Similarly to the increased availability of insert cutters for Swiss-types, an entire submarket has grown around various tool accessories. Examples include attachments that enable more live tools to fit in one station and attachments for operations like broaching and thread whirling, two processes the shop commonly uses for its medical work. Through the years, such accessories have significantly contributed to reducing secondary operations on parts produced in the Swiss department, Mr. Heanue says.
A Mature Production Sequence
On some level, all of the developments above play a role in the shop’s ability to produce a part like the bonescrew depicted in the first and second pictures. First, dividing the cycle time as equally as possible between the main and pick-off spindles—a strategy employed for the majority of the shop’s work—was essential to getting cycle time to 150 seconds. While one screw is turned, milled and whirled in the main spindle, another undergoes drilling, boring and broaching operations in the subspindle.
Likewise, the threads couldn’t have been machined without a multiple-insert whirling attachment. Given the form and length of the thread, single-point turning would be impossible because it would require multiple passes, Mr. Pelletier says. However, multiple passes would necessitate bringing the part back through the guide bushing, which could cause jams or other problems. The whirling attachment’s 12 different inserts also make it especially prone to clogging with chips. This, as well as the high levels of heat common to titanium machining operations, necessitates the use of high-pressure coolant. Mr. Pelletier also points out that achieving the required pitch-to-feed ratio would have been impossible without the L20’s precise C-axis indexing capability. Finally, the broach used to machine the hex form at the back end of the screw has a tolerance of 0.0005 inch. At that level of accuracy, the shop has few other machining options. “We could have used EDM, but that can get expensive,” Mr. Pelletier says.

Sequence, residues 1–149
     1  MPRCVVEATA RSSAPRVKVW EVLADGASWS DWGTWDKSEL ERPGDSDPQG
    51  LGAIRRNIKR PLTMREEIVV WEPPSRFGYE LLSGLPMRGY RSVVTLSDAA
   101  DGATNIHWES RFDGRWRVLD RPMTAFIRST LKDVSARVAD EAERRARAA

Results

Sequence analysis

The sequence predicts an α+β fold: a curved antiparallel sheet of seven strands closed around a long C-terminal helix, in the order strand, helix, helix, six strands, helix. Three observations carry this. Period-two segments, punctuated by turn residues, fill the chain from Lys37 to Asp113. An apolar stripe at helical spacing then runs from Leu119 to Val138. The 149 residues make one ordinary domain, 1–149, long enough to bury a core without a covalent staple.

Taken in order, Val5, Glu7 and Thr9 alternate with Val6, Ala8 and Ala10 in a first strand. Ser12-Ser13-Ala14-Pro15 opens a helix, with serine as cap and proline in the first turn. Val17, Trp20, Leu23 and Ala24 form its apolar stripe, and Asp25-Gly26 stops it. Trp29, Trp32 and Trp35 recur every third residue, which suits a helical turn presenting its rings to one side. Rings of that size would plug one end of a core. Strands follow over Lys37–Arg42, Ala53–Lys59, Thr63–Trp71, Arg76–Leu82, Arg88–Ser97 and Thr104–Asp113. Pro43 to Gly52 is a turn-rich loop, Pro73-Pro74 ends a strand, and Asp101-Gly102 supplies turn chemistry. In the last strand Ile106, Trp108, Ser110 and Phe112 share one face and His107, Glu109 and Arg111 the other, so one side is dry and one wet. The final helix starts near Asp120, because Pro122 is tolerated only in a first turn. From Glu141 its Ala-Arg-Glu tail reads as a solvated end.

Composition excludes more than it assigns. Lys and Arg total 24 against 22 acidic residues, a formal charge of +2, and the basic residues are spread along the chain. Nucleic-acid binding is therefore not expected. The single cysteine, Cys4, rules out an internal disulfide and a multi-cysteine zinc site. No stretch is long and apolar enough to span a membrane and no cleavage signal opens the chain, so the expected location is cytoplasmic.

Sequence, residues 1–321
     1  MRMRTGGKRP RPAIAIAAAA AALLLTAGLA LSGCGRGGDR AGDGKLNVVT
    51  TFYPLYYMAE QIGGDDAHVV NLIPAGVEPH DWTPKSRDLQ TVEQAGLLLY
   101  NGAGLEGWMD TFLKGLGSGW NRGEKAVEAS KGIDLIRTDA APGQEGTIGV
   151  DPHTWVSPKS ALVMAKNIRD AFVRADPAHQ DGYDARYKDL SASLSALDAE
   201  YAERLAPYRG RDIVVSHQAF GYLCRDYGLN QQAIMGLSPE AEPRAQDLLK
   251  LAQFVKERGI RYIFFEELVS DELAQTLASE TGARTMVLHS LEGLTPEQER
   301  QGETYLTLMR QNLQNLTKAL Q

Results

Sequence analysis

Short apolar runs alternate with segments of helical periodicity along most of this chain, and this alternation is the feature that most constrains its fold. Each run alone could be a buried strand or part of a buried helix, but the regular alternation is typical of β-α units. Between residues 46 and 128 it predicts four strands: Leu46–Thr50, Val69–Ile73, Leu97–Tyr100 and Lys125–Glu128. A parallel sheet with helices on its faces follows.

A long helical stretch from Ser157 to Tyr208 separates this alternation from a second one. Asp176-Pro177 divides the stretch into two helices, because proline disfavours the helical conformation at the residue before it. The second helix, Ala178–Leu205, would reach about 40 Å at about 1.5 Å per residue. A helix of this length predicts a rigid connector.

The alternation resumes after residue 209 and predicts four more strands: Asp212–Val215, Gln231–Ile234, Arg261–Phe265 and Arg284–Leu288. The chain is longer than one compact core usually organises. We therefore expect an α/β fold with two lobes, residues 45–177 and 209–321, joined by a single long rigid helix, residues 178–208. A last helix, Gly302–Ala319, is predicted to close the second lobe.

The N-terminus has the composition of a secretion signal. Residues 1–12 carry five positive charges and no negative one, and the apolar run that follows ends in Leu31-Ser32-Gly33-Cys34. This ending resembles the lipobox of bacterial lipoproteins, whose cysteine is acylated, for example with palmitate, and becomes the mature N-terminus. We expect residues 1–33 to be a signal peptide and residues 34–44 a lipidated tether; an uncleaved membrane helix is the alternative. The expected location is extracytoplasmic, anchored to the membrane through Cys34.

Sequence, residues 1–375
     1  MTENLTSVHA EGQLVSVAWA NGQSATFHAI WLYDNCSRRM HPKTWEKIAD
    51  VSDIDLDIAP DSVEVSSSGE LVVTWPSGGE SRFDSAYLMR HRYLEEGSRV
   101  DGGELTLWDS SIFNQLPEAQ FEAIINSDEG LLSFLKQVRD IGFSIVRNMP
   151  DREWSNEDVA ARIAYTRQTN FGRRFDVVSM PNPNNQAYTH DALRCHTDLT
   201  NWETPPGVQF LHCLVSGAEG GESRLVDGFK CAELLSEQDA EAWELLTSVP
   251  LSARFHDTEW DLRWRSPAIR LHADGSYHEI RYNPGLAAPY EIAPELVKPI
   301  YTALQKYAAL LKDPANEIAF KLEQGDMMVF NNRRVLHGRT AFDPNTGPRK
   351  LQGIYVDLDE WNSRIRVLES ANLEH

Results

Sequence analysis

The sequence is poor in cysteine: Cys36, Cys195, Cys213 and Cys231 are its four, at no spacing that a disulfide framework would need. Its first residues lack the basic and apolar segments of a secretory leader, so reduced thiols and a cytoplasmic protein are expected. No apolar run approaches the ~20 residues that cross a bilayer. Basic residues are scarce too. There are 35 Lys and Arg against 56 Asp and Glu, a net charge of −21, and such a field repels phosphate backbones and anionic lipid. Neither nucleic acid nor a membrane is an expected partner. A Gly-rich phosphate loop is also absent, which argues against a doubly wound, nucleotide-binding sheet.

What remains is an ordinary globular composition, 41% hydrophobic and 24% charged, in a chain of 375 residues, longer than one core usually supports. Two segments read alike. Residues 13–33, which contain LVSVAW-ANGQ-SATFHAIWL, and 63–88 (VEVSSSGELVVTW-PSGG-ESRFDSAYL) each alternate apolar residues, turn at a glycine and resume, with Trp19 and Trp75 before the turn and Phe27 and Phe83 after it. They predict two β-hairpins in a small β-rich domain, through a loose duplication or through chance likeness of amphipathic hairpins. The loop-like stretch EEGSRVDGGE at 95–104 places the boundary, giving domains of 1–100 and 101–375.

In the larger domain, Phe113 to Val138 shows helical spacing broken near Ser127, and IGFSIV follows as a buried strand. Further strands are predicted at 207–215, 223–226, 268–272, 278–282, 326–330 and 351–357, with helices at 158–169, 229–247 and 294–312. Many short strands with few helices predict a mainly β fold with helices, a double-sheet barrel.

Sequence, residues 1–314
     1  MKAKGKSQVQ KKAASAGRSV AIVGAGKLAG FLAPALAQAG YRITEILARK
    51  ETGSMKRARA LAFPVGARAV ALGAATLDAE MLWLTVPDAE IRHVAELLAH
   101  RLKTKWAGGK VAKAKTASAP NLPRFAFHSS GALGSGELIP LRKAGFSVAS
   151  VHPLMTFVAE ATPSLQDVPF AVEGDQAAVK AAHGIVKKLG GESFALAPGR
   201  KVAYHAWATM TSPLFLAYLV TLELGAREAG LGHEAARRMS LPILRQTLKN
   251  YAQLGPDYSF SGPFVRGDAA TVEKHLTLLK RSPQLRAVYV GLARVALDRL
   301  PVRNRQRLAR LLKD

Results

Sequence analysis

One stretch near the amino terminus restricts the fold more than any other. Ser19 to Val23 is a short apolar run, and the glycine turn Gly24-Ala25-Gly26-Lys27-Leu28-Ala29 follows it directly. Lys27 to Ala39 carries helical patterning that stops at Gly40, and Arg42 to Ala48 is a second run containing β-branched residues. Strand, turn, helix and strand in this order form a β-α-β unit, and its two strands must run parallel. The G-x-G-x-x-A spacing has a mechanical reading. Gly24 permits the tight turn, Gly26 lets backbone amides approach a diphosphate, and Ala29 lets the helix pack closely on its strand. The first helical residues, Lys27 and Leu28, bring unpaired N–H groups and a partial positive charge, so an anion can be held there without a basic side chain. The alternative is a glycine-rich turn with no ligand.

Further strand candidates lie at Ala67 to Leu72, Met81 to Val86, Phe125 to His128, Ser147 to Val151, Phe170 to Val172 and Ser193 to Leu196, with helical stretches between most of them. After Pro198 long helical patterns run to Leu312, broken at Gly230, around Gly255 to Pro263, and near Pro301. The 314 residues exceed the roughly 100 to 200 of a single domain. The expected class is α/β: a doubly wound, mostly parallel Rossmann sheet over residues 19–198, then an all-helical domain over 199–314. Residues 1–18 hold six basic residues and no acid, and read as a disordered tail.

Lessons Along the Way
Although HTT never would have been successful without the right technology, Mr. Heanue says there is another, even more important factor: people. That might sound cliché, but in this case, Mr. Heanue insists that a management philosophy with a set of specific principles helps ensure HTT’s staff is both productive and in good spirits more often than not. Here are just a few of those principles:
Facilitate learning on the job. HTT still maintains older machines for training purposes. “People learn better by doing,” Mr. Heanue says. “It’s important to have a good mix of machines so you can put new employees to work and get them to start learning at the same time. We have seven- and nine-axis machines operated today by people who learned on a two-axis.”
Let people make their own way. “We like to let people work themselves into a job,” Mr. Heanue says. “We’ve had shipping clerks become sales managers. We find that people will find what they’re best at on their own without having to box anybody in.”
Make the most of mistakes. The shop’s quality control process involves thoroughly checking parts from all jobs on a daily basis. In addition to reducing scrap, catching errors early makes them easier to rectify, and, perhaps more importantly, presents learning opportunities. “A lot of companies I’ve worked for had an attitude that when things went wrong, they needed to find out who was to blame,” he explains. “Our attitude is that we shouldn’t try to blame someone, but rather, try to learn what went wrong and how to fix it. No one has to feel guilty, and no one has to feel like there’s any reason to hide a mistake, either.”
For High Tech Turning, the voyage ahead will undoubtedly involve new challenges and new lessons. Nonetheless, if the past is any indication, continued advancements in Swiss-type machining and a people-first management philosophy will no doubt prove more than sufficient to keep the shop moving forward.